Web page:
There’s a community clubhouse where I live and the HOA is telling me I can’t have a party there. I’m planning a big birthday bash, to which I will invite friends from both within our community and elsewhere. Since I own a part of the clubhouse, shouldn’t I be able to use it whenever I want?
Unfortunately for you, the short answer is “no.” The clubhouse is most likely one of the development’s common areas. This means it’s property owned by all the development’s home owners jointly.
Although you share ownership in the common areas, this does not mean you have free rein to use them whenever and however you want. When you purchased your home, you agreed to abide by the terms of the development’s governing documents. This means you agreed to follow all the rules and restrictions relating to the use of the common areas in those documents. The HOA is typically responsible for enforcing all regulations and restrictions.
Ask your HOA what rule or regulation it’s relying on to prohibit your use of the clubhouse for a private party. The HOA should be able to provide you with a copy of the specific rule it is enforcing.
To double check what this rule says, you may want to review the HOA’s governing documents. You’re likely to find the relevant rules and restrictions in one or more of the following: the Declaration of Covenants, Conditions, Restrictions, and Easements (CC&Rs); any separate Rules and Regulations; or the Articles of Incorporation and Bylaws of the homeowners association (HOA).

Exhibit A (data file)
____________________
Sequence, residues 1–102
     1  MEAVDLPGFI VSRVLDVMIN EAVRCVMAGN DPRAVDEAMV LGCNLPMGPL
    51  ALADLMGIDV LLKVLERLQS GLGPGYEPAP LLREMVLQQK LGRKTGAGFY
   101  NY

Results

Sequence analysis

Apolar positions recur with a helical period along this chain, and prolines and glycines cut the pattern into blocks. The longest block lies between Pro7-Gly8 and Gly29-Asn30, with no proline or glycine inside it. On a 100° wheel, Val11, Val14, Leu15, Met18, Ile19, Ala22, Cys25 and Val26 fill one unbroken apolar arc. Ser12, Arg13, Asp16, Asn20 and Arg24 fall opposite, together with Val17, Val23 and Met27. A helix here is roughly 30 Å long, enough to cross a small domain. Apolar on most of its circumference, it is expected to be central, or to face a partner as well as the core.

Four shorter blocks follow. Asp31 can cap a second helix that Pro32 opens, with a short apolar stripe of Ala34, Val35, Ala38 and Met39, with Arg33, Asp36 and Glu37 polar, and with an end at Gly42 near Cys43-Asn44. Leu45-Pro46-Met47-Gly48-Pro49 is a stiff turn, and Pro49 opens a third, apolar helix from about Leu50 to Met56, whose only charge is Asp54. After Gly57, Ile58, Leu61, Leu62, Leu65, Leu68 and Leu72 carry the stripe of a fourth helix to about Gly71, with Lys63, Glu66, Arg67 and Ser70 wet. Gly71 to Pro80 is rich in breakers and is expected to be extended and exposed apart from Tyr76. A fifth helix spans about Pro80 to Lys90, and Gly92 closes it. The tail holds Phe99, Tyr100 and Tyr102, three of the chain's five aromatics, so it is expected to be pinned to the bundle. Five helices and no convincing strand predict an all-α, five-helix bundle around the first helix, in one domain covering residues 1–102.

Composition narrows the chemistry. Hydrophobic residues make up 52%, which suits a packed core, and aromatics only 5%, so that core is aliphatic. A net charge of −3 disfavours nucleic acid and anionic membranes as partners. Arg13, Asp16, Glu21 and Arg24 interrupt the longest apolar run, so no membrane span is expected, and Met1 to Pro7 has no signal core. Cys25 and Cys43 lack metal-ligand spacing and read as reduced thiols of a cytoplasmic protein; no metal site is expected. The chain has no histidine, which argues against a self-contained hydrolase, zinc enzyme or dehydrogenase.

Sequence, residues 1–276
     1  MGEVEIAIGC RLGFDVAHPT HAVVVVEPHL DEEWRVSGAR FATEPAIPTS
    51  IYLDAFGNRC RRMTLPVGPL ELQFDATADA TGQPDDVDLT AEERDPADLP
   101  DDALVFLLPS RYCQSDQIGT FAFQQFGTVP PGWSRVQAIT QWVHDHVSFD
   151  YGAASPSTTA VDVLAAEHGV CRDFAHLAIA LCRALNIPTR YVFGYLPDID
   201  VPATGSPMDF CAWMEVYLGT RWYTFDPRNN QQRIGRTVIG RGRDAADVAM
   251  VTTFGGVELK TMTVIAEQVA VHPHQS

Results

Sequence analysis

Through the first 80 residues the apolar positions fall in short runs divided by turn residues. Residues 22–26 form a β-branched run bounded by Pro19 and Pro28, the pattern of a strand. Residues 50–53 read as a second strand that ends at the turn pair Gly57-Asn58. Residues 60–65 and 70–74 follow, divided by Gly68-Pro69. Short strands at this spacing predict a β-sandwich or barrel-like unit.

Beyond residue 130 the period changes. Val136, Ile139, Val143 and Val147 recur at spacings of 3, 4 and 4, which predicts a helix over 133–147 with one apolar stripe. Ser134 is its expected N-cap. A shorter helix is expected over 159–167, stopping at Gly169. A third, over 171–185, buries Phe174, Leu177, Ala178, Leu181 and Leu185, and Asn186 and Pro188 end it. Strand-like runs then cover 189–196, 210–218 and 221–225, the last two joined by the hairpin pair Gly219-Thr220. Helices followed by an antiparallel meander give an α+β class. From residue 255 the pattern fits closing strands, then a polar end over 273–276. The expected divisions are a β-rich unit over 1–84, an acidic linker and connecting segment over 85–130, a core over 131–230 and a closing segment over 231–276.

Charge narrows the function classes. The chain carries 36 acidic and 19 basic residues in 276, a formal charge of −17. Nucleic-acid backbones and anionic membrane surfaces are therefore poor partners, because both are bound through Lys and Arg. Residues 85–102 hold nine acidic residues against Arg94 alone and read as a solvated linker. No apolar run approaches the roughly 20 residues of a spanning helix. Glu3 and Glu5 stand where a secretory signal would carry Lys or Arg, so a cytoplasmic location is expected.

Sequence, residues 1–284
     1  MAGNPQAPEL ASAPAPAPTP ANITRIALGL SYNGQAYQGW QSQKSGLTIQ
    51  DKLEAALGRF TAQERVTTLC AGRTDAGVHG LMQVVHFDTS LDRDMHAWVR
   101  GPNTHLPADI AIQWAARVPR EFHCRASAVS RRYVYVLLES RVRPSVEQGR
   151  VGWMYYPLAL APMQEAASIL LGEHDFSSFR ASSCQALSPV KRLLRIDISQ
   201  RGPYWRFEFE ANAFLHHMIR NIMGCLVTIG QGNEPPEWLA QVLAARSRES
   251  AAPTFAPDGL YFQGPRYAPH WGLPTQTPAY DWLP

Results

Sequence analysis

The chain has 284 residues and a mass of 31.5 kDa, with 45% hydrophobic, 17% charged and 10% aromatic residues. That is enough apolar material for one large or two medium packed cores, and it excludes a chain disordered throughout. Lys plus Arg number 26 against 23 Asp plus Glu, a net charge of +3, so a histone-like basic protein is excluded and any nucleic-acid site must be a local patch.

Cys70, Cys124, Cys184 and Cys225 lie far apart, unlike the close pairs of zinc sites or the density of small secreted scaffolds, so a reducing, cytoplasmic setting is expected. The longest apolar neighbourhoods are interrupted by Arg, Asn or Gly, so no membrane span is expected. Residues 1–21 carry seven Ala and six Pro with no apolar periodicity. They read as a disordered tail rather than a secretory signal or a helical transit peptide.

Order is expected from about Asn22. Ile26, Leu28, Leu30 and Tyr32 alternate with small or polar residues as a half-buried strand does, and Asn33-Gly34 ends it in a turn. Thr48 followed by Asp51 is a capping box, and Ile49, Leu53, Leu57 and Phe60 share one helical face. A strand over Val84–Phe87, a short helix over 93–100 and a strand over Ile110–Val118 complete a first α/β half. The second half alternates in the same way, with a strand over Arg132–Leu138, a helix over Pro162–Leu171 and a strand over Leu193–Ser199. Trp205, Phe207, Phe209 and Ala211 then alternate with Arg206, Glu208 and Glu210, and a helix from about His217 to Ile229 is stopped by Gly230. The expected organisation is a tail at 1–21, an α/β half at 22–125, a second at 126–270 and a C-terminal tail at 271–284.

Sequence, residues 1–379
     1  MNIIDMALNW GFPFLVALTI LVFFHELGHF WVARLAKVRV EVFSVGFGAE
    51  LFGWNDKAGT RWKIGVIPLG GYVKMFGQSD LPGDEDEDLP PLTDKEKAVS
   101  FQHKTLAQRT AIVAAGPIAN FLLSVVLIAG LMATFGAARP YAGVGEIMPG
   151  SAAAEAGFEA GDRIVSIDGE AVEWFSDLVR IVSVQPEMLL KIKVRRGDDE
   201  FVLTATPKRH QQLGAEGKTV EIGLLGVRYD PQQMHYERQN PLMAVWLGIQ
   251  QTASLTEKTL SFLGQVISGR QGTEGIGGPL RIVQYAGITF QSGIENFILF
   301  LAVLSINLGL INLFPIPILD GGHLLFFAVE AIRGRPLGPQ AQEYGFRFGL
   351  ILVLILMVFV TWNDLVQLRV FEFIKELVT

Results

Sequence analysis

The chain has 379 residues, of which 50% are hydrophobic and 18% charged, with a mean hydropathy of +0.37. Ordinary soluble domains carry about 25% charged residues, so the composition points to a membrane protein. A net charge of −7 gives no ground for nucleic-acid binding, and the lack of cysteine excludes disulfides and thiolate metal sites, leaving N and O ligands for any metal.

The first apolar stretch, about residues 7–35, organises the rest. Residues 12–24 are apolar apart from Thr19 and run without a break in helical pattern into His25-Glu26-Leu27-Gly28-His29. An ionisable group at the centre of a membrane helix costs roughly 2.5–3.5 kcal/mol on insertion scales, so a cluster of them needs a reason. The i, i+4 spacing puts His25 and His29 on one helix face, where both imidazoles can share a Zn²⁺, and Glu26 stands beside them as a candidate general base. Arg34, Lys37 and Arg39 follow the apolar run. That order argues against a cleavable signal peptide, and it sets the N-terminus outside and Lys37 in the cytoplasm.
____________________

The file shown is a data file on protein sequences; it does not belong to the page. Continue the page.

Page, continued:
Specifically look for any regulations relating to the use of the clubhouse. You might find, for example, that the CC&Rs prohibit owners from having private parties in a common area (or specifically in the clubhouse) at any time. Or, the Rules and Regulations might specify certain procedures an owner must follow (such as making a reservation or paying a fee) before a party is allowed.
In certain situations, the CC&Rs might give the HOA the right to prevent an owner’s use of the common areas altogether. For example, an owner who is delinquent in paying dues and assessments might be restricted from using the common areas until paid up. If you discover this is the reason the HOA is prohibiting your use of the clubhouse, you might be able to have your party once you catch up on all overdue HOA payments.
Also, governing documents sometimes provide that a certain use (such as a private party) is up to the discretion of the board of directors of the HOA. If so, you may want to take steps to convince the board members to approve your use. Request a meeting with the board, and provide any assurances it might request.
If a rule in your development’s governing documents prohibits private parties outright, consider trying to revoke or revise the rule. Keep in mind, however, that amending the governing documents can be difficult. Usually you must follow specific procedures for a revision, and the matter must be put to a vote by the HOA or all its members (all homeowners in the development). Amending a governing document generally requires time, patience, and some financial outlay. If you plan on living in the community for a long time and have your heart set on future parties, however, you might determine that doing what it takes to change the regulations is worth it.